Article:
Oscillation may play a role in time domain central auditory processing

Galazyuk AV, Feng AS

J Neurosci 2001, 21:RC147 (1-5)

Department of Molecular and Integrative Physiology, and the Beckman Institute, University of Illinois, Urbana, Illinois 61801, USA


To study how sound intensity altered the temporal response pattern of a unit, we recorded from 92 single neurons in the inferior colliculus (IC) of the little brown bat and investigated their firing patterns in response to brief tone pulses (2 msec duration) at the characteristic frequency of the unit over a wide dynamic range (10-90 dB sound pressure level). We found two unusual response characteristics at high sound levels in approximately one-third of the IC neurons investigated. For 16 IC neurons (17%), an increase in sound level not only elicited a shorter response latency and an increase in spike count but also transformed the firing pattern of the unit from phasic to periodic; this pattern was more pronounced at higher sound levels. The firing periodicity was unit specific, ranging from 1.3 to 6.7 msec. Twenty-seven IC neurons (29%) exhibited a longer response latency at higher sound levels compared with lower sound levels [i.e., paradoxical latency shift (PLS)]. The majority of this population showed a one or more quantum increase in latency when sound level was elevated. The quantum shift was also unit specific, ranging from 1.2 to 8.2 msec. We further investigated the firing patterns of 14 IC neurons showing PLS before, during, and after iontophoretic application of bicuculline. For 12 of these neurons, drug application abolished the PLS and transformed the firing patterns of the unit at high sound levels from phasic into sustained periodic discharges. Our results suggest that neural oscillation in combination with ordinary inhibition may be responsible for the creation of PLSs shown previously to be important for temporal information processing.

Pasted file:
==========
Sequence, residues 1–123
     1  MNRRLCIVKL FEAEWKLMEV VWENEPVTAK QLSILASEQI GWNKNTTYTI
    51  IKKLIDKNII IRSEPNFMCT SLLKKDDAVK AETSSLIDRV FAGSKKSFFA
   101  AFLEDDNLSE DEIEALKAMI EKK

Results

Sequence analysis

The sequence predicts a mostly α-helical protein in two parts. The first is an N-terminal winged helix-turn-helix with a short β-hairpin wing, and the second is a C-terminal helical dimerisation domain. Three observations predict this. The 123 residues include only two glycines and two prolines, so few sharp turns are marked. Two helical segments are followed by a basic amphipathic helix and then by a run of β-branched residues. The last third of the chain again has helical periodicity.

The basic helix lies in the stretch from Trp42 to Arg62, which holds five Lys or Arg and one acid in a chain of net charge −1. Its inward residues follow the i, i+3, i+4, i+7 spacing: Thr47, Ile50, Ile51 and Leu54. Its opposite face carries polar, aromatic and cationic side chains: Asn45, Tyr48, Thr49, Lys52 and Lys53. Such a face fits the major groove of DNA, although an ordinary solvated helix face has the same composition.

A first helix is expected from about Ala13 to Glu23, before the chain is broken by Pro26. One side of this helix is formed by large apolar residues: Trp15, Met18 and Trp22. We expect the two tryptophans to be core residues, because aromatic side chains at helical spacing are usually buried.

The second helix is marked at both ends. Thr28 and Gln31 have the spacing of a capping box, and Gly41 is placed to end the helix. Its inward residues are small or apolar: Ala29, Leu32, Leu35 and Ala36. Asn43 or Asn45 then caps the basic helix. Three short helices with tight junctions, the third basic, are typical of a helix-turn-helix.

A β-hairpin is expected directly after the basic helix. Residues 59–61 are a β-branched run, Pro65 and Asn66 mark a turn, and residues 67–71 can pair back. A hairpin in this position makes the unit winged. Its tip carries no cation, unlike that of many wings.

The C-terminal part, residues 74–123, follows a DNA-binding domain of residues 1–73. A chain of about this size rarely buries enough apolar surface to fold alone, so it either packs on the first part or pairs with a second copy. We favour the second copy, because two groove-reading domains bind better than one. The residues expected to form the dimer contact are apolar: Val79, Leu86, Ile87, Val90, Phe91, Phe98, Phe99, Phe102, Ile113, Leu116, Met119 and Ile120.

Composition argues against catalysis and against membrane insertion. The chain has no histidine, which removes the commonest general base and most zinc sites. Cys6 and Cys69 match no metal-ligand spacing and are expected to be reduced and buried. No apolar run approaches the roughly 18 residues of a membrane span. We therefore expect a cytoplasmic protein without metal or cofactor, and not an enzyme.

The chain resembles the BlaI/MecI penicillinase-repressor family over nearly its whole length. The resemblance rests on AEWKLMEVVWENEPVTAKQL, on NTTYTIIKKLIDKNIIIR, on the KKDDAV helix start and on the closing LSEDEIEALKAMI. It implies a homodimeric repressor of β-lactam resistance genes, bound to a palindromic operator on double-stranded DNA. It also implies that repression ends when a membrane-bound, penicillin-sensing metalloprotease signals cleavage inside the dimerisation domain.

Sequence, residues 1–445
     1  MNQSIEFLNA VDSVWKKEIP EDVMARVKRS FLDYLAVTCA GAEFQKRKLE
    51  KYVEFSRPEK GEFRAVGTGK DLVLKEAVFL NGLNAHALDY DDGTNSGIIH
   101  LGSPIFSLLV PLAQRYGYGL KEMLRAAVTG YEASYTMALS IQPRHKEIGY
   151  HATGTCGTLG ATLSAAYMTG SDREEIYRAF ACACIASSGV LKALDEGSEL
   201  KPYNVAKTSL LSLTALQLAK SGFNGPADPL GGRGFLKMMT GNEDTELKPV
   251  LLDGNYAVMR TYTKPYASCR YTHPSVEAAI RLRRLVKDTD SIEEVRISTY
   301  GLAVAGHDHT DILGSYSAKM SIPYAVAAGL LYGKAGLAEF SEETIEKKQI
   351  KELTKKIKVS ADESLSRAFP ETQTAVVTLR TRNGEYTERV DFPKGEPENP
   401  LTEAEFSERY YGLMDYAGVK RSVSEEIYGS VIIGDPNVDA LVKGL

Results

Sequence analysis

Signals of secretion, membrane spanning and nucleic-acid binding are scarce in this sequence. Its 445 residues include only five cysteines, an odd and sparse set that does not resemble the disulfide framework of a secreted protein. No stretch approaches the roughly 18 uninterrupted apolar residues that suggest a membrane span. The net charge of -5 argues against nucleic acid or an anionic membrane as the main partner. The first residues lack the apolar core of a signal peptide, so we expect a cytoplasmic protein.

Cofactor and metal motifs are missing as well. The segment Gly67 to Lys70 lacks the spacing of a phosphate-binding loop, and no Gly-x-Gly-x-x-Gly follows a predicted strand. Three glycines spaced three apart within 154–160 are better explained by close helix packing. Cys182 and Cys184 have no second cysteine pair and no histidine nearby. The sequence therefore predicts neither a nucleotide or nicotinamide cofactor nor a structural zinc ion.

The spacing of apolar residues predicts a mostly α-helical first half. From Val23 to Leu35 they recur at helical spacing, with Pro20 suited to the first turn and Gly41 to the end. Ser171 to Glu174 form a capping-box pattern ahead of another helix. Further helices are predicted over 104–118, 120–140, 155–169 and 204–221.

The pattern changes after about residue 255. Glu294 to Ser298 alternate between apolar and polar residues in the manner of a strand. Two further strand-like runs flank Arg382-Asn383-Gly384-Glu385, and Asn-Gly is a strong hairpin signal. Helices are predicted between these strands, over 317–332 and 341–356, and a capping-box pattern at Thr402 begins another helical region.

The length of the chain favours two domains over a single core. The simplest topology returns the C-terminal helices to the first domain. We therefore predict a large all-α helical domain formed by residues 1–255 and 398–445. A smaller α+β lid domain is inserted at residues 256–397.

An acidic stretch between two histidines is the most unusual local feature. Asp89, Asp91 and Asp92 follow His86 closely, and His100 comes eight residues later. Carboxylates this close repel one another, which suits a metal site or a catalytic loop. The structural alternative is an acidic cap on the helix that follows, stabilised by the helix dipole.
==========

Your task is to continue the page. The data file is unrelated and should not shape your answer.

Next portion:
(Bold text emphasis by Martin Braun)


Where and how the pitch of speech and music is extracted by the brain is currently a matter of intensive research. The evidence that has been found so far indicates that it is done in the auditory midbrain by neural frequency filtering of incoming signals that mirror sound frequencies picked up by the inner ear. As to the mechanism of this neural frequency analysis, Galazyuk and Feng have now reached a major breakthrough. In 28 of 92 neurons of the auditory midbrain (inferior colliculus) of a bat species they found unit-specific periodical discharge, with interspike periods ranging from 1.2 to 8.2 msec. As yet, it is unknown if this period tuning is intrinsic, e.g. due to membrane channel constellations, or imported from other neurons. It is clear, however, that period-specific neurons are ideal frequency filters for pitch extraction. These neurons can function as cellular resonators that have their strongest firing probability at signal input of one particular frequency. The periodicity range of the investigated neurons translates into a frequency range of 120 to 830 Hz. In musical terms, this corresponds to the tones from B2 to G#5, that is, three octaves that are well centered in the piano's total tone range. I should be added, though, that period tuning in bats in most cases probably is not used for pitch extraction, but for the identification of sound delays in echolocation. As far as we are concerned, we can safely assume that we have pitch neurons for all tones on the piano. (Comment Martin Braun)

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